As businesses adapt to the changing digital landscape, more customer and business operations are shifting from being behind the protection of firewalls to being available via the Internet. This has led to a dramatic increase in the attack surface available to hackers. Rather than from compromised systems and applications inside the data center, today's threats are coming across external sources, such as public-facing websites, mobile applications, and social media networks--digital channels where traditional security tools provide little to no visibility or protection.
Defending your organization, customers, and employees in this new environment pose a tremendous technical challenge:
- How do you protect or monitor what you don't know about?
- How do you go about discovering the "unknown unknowns" that could hurt you?
Adapting to this fundamental shift in attack tactics and answering these questions requires a new kind of security tool, a Digital Threat Management tool, to provide the visibility and management capabilities for things on the open Internet that agents and firewalls provide for things in the organization's internal network.
How does RiskIQ help?
RiskIQ was founded with the goal of developing the world's first Digital Threat Management platform and providing a new cornerstone of security capable of addressing threats outside the firewall. The platform is purpose-built to solve the security challenges of detecting and responding to Digital Threats through unique technology and a forward-looking approach.
The basic tenets of Digital Threat Management are as follows:
1. Discovery and Detection: You can't protect what you can't see.
Your organization's digital presence is constantly changing due to a number of factors:
- Day-to-day activities of various teams spread across geographic locations and business units within your company
- Partners, vendors, and third-party web components you work with
- Mergers and acquisitions
- Third parties actors impersonating you or otherwise referencing your brand without authorization
Keeping up with the demands of a modern business comes with these effects, but can also create blind spots in the form of shadow IT--web, mobile, or social media-based properties, which belong to your organization but are unknown and unmanaged by your security, compliance, and IT teams. Moreover, even within known properties, content dynamically loaded via third party code creates yet more blind spots that hackers can exploit, as executing that code drastically changes how your assets appear to end-users experiencing them from the outside vs. how your security team can view them from within. In order to defend yourself and your users, you need to eliminate these blind spots and see what your attackers and their intended victims see.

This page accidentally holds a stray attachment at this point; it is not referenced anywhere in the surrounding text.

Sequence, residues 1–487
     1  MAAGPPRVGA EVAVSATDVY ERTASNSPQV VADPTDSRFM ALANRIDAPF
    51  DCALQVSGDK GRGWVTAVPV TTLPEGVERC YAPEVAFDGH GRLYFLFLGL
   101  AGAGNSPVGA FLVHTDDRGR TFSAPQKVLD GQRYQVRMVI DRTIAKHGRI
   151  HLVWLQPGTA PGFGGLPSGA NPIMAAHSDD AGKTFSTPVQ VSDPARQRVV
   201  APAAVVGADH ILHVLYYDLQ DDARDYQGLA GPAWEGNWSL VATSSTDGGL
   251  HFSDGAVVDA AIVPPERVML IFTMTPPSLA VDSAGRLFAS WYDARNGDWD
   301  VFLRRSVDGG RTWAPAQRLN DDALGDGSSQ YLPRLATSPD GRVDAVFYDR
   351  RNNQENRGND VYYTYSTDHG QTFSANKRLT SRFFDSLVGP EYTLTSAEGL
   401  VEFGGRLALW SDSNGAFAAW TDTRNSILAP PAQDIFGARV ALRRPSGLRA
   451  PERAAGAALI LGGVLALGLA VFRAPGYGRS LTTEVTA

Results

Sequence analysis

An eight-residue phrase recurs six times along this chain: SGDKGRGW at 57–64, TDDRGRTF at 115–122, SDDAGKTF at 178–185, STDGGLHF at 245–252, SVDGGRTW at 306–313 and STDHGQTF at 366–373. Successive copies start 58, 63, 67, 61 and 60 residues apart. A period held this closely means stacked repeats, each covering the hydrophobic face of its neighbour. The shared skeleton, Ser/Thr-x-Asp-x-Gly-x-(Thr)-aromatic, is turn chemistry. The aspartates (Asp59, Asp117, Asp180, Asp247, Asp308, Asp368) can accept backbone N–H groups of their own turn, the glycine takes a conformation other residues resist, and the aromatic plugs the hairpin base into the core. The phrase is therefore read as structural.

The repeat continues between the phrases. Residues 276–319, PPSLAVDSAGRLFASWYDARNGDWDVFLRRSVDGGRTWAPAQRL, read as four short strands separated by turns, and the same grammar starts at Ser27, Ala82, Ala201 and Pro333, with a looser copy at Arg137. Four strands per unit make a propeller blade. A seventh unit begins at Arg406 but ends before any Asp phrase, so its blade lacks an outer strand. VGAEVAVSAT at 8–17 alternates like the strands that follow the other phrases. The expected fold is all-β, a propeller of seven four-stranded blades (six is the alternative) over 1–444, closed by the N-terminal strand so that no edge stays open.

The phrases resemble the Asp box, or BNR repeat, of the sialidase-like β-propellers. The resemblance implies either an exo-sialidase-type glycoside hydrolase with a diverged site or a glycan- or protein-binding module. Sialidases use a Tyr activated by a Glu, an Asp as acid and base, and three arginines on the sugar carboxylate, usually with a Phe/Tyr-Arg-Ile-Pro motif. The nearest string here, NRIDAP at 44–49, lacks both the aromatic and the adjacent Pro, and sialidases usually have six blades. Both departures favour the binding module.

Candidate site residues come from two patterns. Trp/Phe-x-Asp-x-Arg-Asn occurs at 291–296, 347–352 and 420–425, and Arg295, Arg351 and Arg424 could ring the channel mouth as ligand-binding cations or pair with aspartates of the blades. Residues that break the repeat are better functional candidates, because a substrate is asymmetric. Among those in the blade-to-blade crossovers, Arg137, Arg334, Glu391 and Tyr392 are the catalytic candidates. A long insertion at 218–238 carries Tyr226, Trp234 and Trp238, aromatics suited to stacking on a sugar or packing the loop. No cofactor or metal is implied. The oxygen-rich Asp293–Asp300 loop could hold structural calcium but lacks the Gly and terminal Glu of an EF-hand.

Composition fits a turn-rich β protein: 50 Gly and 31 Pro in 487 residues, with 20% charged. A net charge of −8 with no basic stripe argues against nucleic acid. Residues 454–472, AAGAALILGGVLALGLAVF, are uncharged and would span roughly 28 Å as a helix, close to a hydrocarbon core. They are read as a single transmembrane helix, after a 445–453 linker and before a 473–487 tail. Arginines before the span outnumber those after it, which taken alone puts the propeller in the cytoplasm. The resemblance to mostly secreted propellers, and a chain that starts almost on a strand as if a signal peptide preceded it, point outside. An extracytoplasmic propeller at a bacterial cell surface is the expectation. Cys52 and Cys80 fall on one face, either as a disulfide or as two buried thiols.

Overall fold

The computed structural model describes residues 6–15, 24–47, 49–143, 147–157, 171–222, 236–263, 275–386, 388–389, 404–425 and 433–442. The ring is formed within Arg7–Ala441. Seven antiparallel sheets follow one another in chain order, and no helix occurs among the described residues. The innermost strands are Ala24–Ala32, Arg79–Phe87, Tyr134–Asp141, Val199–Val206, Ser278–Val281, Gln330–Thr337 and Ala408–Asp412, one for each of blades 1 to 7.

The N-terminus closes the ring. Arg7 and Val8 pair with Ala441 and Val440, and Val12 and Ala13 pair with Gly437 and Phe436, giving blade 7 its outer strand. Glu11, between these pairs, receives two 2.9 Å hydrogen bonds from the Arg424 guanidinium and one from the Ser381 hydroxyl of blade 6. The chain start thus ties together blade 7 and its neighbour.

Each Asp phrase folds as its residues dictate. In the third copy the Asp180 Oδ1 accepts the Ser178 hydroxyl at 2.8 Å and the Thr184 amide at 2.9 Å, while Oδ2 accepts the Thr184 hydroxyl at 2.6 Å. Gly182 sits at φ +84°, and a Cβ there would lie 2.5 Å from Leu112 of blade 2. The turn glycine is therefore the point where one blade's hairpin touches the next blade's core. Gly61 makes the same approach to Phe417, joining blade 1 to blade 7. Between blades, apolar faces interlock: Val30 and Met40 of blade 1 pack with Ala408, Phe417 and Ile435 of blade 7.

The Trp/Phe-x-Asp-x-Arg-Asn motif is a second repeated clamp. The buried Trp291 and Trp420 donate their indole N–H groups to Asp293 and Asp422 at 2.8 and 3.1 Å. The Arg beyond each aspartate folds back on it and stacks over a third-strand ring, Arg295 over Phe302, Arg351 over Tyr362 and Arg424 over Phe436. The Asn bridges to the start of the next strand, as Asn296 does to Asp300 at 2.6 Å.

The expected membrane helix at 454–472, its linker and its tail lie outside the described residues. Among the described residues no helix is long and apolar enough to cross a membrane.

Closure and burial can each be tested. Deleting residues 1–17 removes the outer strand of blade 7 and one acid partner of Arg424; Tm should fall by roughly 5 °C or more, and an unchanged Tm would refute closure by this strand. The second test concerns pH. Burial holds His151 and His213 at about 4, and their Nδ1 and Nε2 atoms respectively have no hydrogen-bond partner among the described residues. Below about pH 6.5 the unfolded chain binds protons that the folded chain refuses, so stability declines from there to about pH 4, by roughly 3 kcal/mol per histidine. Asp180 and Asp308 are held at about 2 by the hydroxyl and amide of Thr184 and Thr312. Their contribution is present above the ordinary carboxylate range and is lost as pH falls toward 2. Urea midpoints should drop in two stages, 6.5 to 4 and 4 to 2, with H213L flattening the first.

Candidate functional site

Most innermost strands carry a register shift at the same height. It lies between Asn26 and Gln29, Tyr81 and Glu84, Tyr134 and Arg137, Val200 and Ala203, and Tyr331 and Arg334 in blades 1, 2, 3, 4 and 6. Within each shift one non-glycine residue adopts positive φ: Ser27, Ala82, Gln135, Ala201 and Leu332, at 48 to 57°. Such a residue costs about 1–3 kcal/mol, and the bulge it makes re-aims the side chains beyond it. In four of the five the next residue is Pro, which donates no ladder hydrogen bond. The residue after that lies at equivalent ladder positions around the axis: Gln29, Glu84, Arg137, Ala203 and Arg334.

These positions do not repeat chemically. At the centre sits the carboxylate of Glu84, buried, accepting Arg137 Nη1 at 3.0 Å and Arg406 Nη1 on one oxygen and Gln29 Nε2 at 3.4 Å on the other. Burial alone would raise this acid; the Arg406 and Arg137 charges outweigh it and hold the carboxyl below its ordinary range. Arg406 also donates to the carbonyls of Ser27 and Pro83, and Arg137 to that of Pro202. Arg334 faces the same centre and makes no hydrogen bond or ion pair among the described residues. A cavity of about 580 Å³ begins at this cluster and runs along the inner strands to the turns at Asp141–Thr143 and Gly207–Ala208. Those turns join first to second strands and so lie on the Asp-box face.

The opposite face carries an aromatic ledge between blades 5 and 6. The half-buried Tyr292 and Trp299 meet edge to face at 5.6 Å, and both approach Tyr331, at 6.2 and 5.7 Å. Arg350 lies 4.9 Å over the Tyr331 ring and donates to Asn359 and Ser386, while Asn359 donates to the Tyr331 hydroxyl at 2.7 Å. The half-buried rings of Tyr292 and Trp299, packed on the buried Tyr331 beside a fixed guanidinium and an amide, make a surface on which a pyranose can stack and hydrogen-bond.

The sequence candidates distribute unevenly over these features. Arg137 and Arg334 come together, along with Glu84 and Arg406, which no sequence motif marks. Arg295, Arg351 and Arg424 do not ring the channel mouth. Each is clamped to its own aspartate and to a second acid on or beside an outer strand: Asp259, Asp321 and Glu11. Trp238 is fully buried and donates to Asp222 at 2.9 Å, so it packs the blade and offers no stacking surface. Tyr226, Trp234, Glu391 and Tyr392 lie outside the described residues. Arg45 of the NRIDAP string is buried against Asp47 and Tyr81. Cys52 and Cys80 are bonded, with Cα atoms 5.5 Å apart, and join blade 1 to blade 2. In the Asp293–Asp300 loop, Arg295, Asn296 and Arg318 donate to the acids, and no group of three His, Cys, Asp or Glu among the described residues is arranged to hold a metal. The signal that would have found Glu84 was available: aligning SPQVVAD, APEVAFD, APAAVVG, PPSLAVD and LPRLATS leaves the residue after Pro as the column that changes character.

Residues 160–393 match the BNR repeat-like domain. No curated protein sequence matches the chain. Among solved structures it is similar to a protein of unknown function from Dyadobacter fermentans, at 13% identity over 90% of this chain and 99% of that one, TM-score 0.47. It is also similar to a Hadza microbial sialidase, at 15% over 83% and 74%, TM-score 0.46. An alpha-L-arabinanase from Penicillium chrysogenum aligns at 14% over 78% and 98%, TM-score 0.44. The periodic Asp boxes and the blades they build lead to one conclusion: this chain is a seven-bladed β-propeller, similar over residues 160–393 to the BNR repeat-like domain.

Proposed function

RiskIQ automatically discovers all the external-facing websites, web infrastructure, mobile applications, and social media profiles that your organization owns--known and unknown--and continuously monitors them from the outside looking in. Having an accurate view of your Internet-exposed attack surface as it appears to hackers at any given point in time not only allows you to bring previously unknown assets under management and reduce risk within the set of things you own, but is also crucial for helping you quickly detect and respond to threats from third party infrastructure--knowing what IS yours also clearly identifies what is NOT yours, and what is instead perhaps a rogue actor targeting your organization, your employees, or your customers.
2. Automation and Scalability: Digital Threat attacks are massively scalable--your defenses must be as well.
The same technological advances that empower all Internet users and which have powered the rise of legitimate Internet services and businesses simultaneously enable cyber-crime to thrive at an unprecedented scale and attack velocity. Due to a variety of factors, it has never been easier for criminals to launch attacks from outside the firewall.
- Attackers have easy access to raw materials for launching attacks--new domain names, websites, mobile apps, and social media accounts--in mass, at little to no cost, and with relative anonymity
- Criminal ecosystems have matured: there are now established black markets and specialization of labor at each stage of the attack production and value chain to distribute risk across multiple parties, increase profitability, and reduce the level of technical skill required to carry out sophisticated attacks
- Organizations spend the vast majority of their security budgets and efforts protecting the network, often leaving large, unprotected blind spots outside the firewall, which creates a profitable path of least resistance for hackers to exploit without ever needing to face the organization's defenses at its strong points, and thus, renders the extra security measures protecting the internal network largely superfluous--adding yet another lock on the front door when the back window is wide open